Travel blog

Amsterdam: Hold the Mayo (and the Yawn)

By on July 28, 2013
I had a few problems with Amsterdam, but I’d have to say the main one was the simple fact we were expected to like it. So many rave reviews from fellow travelers, yet the city didn’t grab us. It patted us politely on the back.

The Dutch People, or ‘Mokummers’

If ever you want to show off to your friends in Amsterdam, call them a ‘Mokummer.’ It’s stem is ‘mokum,’ which means place.

The Dutch are renowned for their height (definitely true, I felt like a Smurf most of our stay) and their health. I’m in two minds about the health part. They eat copious amounts of mayonaise– yet they cycle everywhere-?

Our first night we went out to a restaurant, where the service was almost non-existent. We found that customer service in general is an afterthought. The perk? We weren’t charged anything, because the staff were so stoned not just one but two waiters were convinced I’d already paid.

If you’d like a short dance with death in Amsterdam, give walking in the bike lane a try. The cyclists will run you over without batting an eyelash. Some of them even seem to aim for pedestrians.
The Dutch are renowned penny pinchers, much worse than the Scots. Going to any toilet at any time is a minimum of €.25; they overcharge unexpectedly (a box of Nag Champa incense €5- in the States it’s about $1); and the cheapest campground out of the mere 5 available was an arid, teensy, fenced-in box that was reminiscent of Mad Max. For €18 daily (no showers or toilets, just an empty lot).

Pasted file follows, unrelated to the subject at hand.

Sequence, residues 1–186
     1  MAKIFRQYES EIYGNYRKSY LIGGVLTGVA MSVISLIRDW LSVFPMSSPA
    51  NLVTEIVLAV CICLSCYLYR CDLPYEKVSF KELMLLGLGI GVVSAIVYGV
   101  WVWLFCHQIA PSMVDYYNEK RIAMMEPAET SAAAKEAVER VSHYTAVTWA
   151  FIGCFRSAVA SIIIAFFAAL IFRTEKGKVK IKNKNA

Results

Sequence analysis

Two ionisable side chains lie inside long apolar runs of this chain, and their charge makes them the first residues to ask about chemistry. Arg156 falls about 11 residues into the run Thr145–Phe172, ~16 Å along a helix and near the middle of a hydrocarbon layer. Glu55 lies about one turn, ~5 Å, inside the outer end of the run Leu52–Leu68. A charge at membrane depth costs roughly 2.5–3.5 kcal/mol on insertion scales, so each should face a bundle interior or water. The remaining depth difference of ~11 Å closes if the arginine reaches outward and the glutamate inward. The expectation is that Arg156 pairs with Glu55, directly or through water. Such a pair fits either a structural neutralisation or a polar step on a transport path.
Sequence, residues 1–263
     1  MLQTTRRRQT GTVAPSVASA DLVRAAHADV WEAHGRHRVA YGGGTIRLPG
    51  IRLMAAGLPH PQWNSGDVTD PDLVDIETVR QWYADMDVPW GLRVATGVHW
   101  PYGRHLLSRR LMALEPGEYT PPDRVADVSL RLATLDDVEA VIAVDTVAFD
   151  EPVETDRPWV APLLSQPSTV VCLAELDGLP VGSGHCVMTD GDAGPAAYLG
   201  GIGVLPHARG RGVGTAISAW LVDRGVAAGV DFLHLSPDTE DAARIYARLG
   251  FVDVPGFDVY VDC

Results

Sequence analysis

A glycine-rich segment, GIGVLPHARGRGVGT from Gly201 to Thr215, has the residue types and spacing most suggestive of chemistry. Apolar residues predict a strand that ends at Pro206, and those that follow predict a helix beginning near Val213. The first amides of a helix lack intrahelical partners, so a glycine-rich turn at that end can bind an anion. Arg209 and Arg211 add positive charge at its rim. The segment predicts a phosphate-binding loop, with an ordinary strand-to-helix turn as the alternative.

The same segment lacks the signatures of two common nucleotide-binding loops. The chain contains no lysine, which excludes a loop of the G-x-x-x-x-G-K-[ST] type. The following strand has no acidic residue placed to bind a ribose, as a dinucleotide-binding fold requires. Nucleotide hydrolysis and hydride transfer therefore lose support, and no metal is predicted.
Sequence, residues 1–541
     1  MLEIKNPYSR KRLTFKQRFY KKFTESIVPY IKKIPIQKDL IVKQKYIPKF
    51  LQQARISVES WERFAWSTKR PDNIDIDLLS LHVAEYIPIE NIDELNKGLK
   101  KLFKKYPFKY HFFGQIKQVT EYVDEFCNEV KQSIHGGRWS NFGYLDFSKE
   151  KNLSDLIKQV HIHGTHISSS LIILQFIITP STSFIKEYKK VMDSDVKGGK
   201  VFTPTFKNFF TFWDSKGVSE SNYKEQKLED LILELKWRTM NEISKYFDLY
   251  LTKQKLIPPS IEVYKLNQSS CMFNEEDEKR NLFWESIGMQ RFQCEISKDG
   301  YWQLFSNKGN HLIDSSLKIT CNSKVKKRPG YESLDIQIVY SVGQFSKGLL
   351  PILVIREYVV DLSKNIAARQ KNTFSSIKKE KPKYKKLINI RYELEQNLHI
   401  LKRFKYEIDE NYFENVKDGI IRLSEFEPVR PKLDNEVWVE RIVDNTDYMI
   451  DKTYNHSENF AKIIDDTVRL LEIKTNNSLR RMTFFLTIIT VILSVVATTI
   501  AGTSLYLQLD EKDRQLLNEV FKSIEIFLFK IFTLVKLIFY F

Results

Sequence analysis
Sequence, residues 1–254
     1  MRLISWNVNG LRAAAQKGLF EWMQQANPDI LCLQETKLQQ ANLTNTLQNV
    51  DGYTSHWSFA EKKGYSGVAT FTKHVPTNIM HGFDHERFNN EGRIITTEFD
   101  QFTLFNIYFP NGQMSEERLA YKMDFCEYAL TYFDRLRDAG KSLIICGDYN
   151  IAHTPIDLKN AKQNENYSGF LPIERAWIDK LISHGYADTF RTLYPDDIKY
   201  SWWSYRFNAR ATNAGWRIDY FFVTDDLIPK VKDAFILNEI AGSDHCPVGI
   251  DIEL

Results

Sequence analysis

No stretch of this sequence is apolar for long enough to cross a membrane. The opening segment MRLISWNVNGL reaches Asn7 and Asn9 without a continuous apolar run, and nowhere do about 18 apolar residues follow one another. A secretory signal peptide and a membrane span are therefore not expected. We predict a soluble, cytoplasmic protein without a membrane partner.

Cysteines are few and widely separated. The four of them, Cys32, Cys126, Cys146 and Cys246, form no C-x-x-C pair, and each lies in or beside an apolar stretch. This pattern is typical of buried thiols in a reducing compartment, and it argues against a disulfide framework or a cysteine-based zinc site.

Now I understand why the term ‘to go Dutch’ exists. Joking.

 

On the other hand, the Dutch are fiercely creative people. They have earned their bragging rights to the best levy engineers and have kept Amsterdam afloat without going under for ages. Where we stayed, in the North End, were converted warehouses for artists and massive renovations to grow businesses.

What they do with the meager space available to them is simply extraordinary. Personality-wise, they reminded me of Americans. Topically friendly, but if you try to dig deeper you meet a careful wall of reserve. It’s a nation of me-ness, not us-ness (according to someone who’s lived in Holland for ten years). Yet they are more than helpful if asked, and willing to speak English without the derisive eye-roll you get from other countries.

What to do in Amsterdam…Hmmm…

The three things it’s most famous for only exist because of the relatively tolerant laws and approach Dutch take to beer, soft drugs and sex.

If you took away the coffee houses and the Red Light District, you’d be left with a city of pubs and museums that are more interesting for the imaginative aspect. The Museum of Chess, for example. Or the Icebar that provides winter wear to customers due to its frigid interior.

Our Amsterdam Favorites

The Sex Museum (Damrak 18/€4): Floors of weird stuff that can slightly be lumped together under the moniker of sex-related, it was entertaining. It’s historically interesting (Eastern art, 18th century toys) and bizarre (a life-size statue of Marilyn Monroe standing over the infamous grate).